The Oxford Road arts centre will present everything from neurodivergent cabaret to a carbon-neutral dance party to works on subjects including tennis and football.
Contact, which is also beginning its celebration of half a century of nurturing artistic talent this year, says it is marking the milestone with some of its most distinctive and unusual projects to date.
The autumn season is also the first since Keisha Thompson took over as CEO and artistic director of the building she is keen to call “the castle of curiosity”.
ManchesterWorld has had a look through the programme and picked out five highlights.
Contact Young Company is a training ground for the next generation of Mancunian theatrical talent and this autumn it takes to the boards under Keisha’s directorship.
The young actors will put on Halo, a work inspired by the Halo Code which is a campaign fighting for the protection and celebration of Black hair and hairstyles in schools and workplaces.
The show is coming to Contact with the help of the Halo Collective.
Keisha’s writing talent is also on display during the season in the shape of 14%, which takes on the subjects of racism in football culture and the politics of DNA testing.
Set in a train carriage, this two-hander sees protagonists Nadia and Nik attempt to quantify their Britishness.
The work, which will be performed in November, was initially piloted as a Talawa First work in 2021 and will now premiere at the same time the men’s World Cup takes place in Qatar, with the production being supported by the National Football Museum in Manchester.
It is directed by Kwame Asiedu and has music by Werkha.
Football is not the only sport getting the Contact treatment this autumn as the venue also takes a look at tennis in the shape of Roma Havers’ piece Lob.
A tennis and poetry bonanza, the show is about moving through sporting spaces as a queer body.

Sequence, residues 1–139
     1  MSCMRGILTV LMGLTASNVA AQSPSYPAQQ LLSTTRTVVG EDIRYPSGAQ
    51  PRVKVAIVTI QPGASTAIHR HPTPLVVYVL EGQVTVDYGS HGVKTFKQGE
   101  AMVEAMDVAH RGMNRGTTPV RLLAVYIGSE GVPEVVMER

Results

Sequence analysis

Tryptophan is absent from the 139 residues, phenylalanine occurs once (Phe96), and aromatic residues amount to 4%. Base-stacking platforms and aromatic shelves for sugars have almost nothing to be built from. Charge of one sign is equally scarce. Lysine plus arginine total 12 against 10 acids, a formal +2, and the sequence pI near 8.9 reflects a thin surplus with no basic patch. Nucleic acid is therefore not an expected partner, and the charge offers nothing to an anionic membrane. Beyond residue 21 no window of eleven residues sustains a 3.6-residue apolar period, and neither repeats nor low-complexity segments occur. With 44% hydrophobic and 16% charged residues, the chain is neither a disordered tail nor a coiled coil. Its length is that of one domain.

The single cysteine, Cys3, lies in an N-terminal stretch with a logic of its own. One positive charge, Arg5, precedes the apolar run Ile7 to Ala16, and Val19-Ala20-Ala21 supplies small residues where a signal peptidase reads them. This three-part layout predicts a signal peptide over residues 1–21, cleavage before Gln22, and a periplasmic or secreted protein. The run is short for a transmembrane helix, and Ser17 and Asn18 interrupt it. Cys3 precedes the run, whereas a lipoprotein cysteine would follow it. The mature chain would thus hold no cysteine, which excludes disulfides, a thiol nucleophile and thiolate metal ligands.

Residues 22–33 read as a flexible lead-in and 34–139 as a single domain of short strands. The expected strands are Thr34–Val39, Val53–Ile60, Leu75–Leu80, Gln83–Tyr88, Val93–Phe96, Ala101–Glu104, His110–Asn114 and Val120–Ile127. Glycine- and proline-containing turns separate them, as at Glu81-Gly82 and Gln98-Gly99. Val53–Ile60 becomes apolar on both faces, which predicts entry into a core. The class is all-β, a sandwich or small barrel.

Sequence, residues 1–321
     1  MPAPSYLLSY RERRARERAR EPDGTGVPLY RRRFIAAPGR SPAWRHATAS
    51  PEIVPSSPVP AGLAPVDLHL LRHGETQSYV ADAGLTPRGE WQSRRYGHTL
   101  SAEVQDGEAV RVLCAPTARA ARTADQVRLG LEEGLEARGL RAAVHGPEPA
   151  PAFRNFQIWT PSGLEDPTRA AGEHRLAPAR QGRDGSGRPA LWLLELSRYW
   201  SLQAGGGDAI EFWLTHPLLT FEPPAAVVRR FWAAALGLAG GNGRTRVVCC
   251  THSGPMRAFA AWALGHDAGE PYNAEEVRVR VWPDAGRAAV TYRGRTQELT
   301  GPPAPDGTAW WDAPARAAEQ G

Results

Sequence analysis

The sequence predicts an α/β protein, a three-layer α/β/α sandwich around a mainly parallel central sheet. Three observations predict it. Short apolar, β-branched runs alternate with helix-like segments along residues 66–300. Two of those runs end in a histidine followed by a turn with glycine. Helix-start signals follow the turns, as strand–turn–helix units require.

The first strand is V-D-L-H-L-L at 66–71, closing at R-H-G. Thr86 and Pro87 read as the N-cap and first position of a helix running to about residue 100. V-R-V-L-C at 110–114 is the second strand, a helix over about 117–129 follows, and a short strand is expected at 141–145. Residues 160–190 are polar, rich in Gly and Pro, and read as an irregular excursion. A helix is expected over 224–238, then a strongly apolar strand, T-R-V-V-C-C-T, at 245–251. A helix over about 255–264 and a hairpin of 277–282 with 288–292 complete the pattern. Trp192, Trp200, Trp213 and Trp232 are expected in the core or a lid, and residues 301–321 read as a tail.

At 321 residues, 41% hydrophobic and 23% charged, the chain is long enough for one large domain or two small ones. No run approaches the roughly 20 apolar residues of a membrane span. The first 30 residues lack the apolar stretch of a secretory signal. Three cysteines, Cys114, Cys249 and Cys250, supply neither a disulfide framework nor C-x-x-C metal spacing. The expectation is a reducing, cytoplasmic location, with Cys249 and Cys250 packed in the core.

The show finally comes to the stage following its initial premiere as part of the Queer Contact festival in 2021 as a Contact Commissioned film.
Not F**kin Sorry
As ever Contact will present a top range of ground-breaking, barrier-smashing touring shows to go alongside its own in-house productions during the autumn season.
With a premise as eye-catching as its name, Not F**kin Sorry comes from Not Your Circus Dog and comes to Manchester after a successful run at the Soho Theatre.
This collective of learning disabled and neurodivergent performers are unapologetically themselves and perform shamelessly sexy, punk, crip cabaret. Audiences should expect an evening of luscious lip syncs, sweaty dances and verbatim stories.
Black Angel 25
Contact’s autumn season also features a number of special events and one of them is the return of Black Angel 25.
The pioneering club night will be back on Oxford Road in October to celebrate the milestone of quarter of a century and the part it played it giving birth to the Black and Asian LGBT+ club scene in Manchester.
How do I get tickets?
Tickets for the autumn season went on sale on Friday 24 June. To find out more, including being able to see the full programme of events, visit Contact’s website here.
What has been said about the new season?
Keisha Thompson, Contact’s new artistic director and CEO, said: “It is Contact’s 50th year from August. During this time, we have established a unique place for young people to forge creative careers.
“The autumn season will celebrate dynamic new work from some incredible talent and highlight some of our precious alumni. Our artists are making work about the most prescient issues - from climate justice to motherhood, football to queer stories.
“We hope our audiences will enjoy digesting these topics via visually stunning and vibrant performances. Whether you fancy spoken word, theatre, comedy or dance or ingenious new multi-media works, we will have something for you. You have my word!”